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C++ Type Conversion


August 7, 2022, Learn eTutorial
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In this tutorial, we will look at how to convert one data type to another in the C++ programming language. Type conversion is the process of converting one variable's predefined data type into an appropriate data type. The basic idea behind type conversion is to convert two different data type variables into a single data type in order to quickly solve mathematical and logical expressions without data loss.

For example, if we are adding two numbers and if one variable is of the int type and the other is of the float type, we must convert or typecast the int variable into a float in order to add them.  

C++ enables us to convert data from one type to another. This is referred to as type conversion.

There are primarily two types of type conversion in C++.

  • Implicit Type Conversion
  • Explicit Type Conversion

In C++, type conversion can be accomplished mainly in two ways: implicit type conversion and explicit type conversion. The implicit type conversion, which is also known as automatic type conversion, is carried out by the compiler itself. The explicit or user-defined type conversion is one that is performed by the user or requires user intervention. Let us now look at implicit and explicit type conversion in C++ in detail.

Implicit Type Conversion

The compiler performs implicit type conversions automatically and without human involvement. It means that an implicit conversion automatically converts one data type into another based on some predefined C++ compiler rules. As a result, it is also known as automatic type conversion.

For an example,


int x = 50;  
short int y = 5;  
int z = x + y;  
 

In the above-given example, there are two different data types variables, x, and y, where x is an int and y is a short int. And the resulting variable z also belongs to the integer type, which will be storing the x and y variables. However, before calculating the sum of two numbers, the C++ compiler converts the lower rank data type (short int) value to the higher rank data type (int). As a result, it avoids data loss, overflow, as well as sign loss in C++ implicit type conversion.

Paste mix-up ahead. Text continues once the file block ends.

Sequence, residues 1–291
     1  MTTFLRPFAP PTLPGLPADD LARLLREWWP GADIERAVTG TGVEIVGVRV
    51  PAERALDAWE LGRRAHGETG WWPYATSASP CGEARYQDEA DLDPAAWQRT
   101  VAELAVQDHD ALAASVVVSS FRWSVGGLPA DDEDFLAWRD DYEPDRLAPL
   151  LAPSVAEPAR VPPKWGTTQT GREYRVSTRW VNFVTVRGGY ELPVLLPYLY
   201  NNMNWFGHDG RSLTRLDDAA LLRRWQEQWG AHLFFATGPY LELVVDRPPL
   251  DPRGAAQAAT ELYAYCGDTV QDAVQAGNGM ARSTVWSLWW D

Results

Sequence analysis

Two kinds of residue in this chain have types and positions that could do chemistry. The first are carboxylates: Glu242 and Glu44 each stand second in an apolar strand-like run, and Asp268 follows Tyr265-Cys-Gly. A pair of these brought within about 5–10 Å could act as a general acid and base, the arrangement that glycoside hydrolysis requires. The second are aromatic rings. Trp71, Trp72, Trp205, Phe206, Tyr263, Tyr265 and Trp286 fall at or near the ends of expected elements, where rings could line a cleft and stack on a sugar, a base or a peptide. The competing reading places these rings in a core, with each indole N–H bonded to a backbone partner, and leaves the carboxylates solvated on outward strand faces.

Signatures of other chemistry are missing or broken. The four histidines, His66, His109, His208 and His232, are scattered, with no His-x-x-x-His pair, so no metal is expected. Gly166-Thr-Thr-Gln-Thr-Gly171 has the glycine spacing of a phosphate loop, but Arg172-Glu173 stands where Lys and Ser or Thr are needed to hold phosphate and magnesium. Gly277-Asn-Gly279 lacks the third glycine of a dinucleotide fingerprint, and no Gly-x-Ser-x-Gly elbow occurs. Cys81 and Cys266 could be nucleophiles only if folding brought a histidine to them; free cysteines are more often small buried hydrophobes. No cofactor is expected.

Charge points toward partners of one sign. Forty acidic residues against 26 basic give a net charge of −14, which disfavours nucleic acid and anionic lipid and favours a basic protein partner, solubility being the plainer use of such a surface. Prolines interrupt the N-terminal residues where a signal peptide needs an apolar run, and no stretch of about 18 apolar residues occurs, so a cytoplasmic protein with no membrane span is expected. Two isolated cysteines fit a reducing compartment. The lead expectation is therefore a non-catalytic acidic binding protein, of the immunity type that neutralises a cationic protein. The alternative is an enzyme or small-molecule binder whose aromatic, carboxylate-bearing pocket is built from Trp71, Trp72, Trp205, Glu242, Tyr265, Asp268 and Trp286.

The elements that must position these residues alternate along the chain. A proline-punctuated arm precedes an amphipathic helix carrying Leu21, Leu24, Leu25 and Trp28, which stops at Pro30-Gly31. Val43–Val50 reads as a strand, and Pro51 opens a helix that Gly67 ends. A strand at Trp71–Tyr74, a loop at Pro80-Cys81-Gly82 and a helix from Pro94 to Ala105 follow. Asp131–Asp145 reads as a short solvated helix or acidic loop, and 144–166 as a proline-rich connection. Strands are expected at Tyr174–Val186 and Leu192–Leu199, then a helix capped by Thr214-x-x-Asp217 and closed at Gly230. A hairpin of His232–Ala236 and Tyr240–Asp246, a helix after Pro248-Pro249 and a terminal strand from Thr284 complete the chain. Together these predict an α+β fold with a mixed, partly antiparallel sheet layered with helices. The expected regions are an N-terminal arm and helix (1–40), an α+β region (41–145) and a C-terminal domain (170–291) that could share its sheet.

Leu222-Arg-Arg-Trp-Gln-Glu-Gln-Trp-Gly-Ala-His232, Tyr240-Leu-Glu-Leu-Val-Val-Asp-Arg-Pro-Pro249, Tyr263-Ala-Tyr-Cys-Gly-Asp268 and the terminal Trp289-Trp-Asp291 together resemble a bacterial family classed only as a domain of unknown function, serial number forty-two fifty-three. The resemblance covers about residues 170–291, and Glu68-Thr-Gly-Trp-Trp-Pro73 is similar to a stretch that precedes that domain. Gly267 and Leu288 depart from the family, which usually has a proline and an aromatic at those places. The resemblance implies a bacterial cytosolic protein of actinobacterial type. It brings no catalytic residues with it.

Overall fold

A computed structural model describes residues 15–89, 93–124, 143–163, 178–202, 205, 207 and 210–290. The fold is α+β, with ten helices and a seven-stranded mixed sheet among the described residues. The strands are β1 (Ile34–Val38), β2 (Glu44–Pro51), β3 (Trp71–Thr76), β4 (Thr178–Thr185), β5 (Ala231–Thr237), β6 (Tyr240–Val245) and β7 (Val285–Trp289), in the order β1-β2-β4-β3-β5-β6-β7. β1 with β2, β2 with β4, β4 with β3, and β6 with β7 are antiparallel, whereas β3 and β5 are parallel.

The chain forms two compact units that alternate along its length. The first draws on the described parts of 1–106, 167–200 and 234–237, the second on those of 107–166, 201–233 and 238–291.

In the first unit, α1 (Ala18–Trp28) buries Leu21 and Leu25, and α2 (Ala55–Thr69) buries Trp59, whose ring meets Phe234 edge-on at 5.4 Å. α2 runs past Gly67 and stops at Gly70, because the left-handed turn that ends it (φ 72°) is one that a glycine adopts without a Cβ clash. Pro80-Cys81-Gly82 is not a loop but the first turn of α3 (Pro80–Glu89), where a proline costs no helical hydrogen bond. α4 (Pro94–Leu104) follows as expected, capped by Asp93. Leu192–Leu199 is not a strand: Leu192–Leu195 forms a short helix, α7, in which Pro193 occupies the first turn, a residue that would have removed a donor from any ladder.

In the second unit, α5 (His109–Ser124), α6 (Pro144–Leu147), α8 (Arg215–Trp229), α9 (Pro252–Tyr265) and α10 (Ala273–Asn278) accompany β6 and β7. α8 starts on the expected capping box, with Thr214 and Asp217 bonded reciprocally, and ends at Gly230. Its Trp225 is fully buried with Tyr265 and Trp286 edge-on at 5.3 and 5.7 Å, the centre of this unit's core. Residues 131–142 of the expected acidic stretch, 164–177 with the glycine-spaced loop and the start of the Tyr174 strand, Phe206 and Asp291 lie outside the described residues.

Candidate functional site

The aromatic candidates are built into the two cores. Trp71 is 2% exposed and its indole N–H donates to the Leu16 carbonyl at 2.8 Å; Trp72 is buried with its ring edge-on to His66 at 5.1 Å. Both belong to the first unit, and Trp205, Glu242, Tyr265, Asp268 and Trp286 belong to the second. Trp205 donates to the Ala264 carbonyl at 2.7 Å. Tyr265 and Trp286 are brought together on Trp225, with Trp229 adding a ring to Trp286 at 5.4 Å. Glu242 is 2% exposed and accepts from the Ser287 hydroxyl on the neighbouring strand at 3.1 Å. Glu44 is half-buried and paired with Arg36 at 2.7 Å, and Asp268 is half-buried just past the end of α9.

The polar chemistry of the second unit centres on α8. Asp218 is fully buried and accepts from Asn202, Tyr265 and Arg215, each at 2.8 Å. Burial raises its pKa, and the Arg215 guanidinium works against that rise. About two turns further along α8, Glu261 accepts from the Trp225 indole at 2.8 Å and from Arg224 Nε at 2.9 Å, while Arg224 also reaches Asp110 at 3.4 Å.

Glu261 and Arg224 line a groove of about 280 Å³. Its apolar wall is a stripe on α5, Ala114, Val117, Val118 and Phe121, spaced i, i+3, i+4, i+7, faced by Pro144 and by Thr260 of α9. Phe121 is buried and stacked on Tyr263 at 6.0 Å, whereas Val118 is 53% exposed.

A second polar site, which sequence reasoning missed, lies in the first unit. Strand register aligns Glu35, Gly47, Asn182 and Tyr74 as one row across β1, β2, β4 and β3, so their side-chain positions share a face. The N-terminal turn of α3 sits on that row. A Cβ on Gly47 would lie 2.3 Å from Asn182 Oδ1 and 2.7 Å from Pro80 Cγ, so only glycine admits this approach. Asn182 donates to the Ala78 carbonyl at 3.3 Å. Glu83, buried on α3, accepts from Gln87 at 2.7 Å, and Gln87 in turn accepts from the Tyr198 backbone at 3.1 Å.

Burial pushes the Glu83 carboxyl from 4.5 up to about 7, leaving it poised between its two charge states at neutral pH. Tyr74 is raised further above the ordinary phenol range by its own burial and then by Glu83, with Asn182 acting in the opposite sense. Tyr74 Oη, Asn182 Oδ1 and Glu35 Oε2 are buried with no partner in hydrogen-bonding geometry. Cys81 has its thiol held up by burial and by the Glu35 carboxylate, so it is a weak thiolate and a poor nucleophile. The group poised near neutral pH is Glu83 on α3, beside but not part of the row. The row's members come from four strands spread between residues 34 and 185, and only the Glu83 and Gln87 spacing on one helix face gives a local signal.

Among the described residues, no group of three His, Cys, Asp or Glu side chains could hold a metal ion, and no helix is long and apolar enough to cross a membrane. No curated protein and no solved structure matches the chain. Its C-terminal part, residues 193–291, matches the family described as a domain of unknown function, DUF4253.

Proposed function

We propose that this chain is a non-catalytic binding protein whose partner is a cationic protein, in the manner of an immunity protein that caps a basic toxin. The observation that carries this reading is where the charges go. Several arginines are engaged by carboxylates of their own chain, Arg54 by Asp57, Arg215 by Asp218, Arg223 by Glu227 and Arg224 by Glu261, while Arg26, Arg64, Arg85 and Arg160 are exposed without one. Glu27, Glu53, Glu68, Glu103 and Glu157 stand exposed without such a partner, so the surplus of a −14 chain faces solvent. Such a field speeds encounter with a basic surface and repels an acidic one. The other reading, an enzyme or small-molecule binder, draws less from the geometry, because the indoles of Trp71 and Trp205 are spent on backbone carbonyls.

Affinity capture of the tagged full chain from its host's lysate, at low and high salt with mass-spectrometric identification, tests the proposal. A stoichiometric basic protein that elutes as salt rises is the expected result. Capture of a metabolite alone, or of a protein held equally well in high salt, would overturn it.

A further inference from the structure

Implicit Type Conversion

Example 1 : Let's write a program that uses implicit type conversion for Converting an int to a double

Implicit type conversion program


#include <iostream>
using namespace std;

int main() {
   // here we are assigning an int value to num_int
   int num_int = 7;

   // declaring a double type variable
   double num_double;
 
   // implicit conversion
   //  int value to a double variable is assigned
   num_double = num_int;

   cout << "num_int = " << num_int << endl;
   cout << "num_double = " << num_double << endl;

   return 0;
}

Output:


num_int = 7
num_double = 7

We have assigned an int data to a double variable in the above program.


num_double = num_int;

Here, in example 1 the compiler automatically converts the int value to a double before assigning it to the num_double variable. This is an illustration of implicit type conversion.

Example 2: Let's write a program for automatic conversion from double to int using implicit type conversion.

Implicit type conversion program


#include <iostream>
using namespace std;

int main() {

   int num_int;
   double num_double = 8.88;

   // implicit conversion
   // assigning a double value to an int variable
   num_int = num_double;

   cout << "num_int = " << num_int << endl;
   cout << "num_double = " << num_double << endl;

   return 0;
}

Output: